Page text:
After several months of dealing with markets in constant fluctuation due to the pandemic, most companies have taken the decision to close their doors and “wait until it all passes.”
In some cases, local laws have allowed companies to “freeze” their obligations while they wait for better times. Other firms have opted to ride the “Covid wave” and operate with several virtualization enablers (from collaboration tools to video conferencing or even messenger applications).
Most short-term measures devised by organizations are already in place. After five to six months operating under these extraordinary global circumstances, most companies that chose to “ride the wave” did successfully virtualize operations to some degree. From sophisticated collaboration platforms to more modest setups, everyone did the best they could.
One thing this crisis has been good at is removing the cultural barriers to digitization… Everyone learned how to use Zoom or other rival platforms, and the initial months of the pandemic were characterized by a “no-excuses, take no prisoners” attitude of management regarding virtualizing operations. Due to this “Covid-effect,” most companies have digitized in a way they never thought possible.
But as they realized the uncertainty is going to extend for an unknown period, the need for efficiency comes into play. The playfield has leveled and competition among the newly “virtualized” companies is again relevant. This time, due to the scarce buying power of clients and customers, the competition is not now for growth but for survival in the long run.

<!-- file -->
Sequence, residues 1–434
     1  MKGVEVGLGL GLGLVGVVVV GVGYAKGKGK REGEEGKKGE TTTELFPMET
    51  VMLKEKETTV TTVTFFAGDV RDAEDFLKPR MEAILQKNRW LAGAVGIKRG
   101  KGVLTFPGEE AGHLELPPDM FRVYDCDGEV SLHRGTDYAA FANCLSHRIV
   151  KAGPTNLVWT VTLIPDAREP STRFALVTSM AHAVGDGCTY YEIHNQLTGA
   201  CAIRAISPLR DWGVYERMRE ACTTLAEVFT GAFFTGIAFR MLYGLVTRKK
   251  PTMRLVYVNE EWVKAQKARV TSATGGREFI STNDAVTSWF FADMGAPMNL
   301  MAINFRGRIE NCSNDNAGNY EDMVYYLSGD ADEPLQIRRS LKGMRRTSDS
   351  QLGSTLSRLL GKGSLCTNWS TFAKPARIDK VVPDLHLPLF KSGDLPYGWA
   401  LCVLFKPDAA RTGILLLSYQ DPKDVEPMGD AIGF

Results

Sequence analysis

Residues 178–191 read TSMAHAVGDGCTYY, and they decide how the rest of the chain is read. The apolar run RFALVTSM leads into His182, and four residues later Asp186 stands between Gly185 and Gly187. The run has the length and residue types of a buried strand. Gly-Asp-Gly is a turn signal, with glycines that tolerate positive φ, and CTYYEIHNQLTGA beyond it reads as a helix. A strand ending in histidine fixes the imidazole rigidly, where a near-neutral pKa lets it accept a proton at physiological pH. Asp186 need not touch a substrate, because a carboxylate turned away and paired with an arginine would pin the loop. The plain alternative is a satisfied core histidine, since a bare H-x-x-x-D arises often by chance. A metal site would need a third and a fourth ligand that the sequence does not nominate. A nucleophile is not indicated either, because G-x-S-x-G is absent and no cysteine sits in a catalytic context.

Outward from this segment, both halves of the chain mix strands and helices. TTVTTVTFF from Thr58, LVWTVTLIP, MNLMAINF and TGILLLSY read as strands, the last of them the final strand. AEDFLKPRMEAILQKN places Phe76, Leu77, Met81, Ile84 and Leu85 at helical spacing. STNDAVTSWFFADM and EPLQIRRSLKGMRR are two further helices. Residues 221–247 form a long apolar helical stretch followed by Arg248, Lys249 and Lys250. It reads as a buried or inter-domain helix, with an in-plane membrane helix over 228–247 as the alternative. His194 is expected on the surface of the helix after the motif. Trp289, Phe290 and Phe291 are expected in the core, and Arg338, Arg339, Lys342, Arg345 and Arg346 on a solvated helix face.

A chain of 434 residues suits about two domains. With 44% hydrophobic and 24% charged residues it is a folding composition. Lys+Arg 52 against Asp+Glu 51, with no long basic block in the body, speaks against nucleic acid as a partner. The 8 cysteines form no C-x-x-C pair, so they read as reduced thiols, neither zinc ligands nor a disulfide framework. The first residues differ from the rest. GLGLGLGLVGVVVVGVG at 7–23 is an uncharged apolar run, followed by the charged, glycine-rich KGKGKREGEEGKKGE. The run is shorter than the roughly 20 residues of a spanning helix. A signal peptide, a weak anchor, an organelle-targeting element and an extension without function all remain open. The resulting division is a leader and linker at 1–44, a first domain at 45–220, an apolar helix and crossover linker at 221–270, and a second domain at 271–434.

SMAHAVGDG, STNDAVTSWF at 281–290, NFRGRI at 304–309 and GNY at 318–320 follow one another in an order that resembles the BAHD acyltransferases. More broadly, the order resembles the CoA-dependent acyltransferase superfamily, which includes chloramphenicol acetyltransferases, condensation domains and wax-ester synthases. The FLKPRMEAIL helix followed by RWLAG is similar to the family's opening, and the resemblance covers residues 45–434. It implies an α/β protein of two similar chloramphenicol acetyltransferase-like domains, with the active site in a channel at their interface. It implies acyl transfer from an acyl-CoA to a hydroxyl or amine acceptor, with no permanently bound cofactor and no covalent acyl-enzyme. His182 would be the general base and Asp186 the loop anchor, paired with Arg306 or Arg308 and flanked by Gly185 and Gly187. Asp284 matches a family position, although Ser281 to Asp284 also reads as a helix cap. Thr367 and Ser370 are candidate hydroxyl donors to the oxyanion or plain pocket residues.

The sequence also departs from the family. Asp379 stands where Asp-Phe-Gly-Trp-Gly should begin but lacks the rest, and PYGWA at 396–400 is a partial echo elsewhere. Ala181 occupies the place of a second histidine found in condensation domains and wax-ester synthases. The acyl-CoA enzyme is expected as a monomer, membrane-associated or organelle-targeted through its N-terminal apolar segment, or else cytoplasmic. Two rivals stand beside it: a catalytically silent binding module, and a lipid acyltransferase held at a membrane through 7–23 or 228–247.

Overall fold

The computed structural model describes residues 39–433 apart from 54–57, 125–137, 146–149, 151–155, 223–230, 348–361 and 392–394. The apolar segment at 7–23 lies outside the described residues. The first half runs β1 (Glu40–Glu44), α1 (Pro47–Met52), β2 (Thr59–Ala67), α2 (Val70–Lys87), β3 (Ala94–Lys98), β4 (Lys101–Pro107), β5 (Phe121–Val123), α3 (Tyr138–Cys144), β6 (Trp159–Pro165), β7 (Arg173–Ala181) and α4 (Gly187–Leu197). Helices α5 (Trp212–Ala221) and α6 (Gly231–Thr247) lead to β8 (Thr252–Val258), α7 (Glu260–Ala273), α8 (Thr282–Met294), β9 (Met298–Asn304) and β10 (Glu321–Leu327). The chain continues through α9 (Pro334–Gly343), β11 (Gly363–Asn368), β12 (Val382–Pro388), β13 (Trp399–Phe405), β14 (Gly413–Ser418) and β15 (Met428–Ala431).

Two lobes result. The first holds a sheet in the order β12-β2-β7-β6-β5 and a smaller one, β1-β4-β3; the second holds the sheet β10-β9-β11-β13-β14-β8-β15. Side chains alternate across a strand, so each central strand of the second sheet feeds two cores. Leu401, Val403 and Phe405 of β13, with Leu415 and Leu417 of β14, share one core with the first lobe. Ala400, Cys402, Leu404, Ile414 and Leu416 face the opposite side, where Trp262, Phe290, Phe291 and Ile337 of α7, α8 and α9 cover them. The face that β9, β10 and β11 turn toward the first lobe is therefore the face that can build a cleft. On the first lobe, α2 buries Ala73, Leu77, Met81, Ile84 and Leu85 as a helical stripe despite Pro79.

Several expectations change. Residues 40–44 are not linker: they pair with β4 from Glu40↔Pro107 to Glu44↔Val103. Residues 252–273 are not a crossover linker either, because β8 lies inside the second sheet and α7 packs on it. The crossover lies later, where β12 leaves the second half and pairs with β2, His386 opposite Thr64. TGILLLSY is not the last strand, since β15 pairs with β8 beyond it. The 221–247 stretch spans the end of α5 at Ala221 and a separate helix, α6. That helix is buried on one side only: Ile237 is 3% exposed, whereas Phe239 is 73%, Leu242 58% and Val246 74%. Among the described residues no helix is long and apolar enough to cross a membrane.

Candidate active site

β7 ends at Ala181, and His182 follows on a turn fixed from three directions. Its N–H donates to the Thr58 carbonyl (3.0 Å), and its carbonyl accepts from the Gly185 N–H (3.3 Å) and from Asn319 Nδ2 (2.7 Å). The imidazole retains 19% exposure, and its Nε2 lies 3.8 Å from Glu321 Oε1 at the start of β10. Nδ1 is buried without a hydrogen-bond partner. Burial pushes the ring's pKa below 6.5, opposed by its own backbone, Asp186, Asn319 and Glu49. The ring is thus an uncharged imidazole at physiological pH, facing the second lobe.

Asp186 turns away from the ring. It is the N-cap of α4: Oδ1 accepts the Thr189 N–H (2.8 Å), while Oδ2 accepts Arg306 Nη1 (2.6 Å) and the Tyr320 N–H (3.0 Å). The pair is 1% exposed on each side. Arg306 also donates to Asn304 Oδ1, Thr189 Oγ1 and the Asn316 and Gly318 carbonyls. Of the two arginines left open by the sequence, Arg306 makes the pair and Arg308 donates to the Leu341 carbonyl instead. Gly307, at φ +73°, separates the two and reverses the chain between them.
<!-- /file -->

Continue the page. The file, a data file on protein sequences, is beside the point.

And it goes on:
… “the competition is now not for growth but for survival in the long run.”
Well… not everywhere and not in every case. There is still plenty of work that needs to be performed on-site. Virtualized processes, though effective, might not be as efficient as one might like. There is also the question of whether this virtualized arrangement will hold and allow the company to grow again in the future. Covid-19 introduced severe structural and behavioral changes in organizations that will eventually “stick” after six months, so they better be well-considered changes.
According to some epidemiologists, this virus could circle the world indefinitely, resurging from time to time and causing trouble at one location or the other. Even after a vaccine is found, and new treatments for lowering mortality are developed, Covid-19, just like the flu, could become seasonal. The virus could also undergo thousands of mutations that could make it more troublesome or less lethal. We just don’t know at this point. Like with the flu or SARS, we just need to learn to adapt and keep going.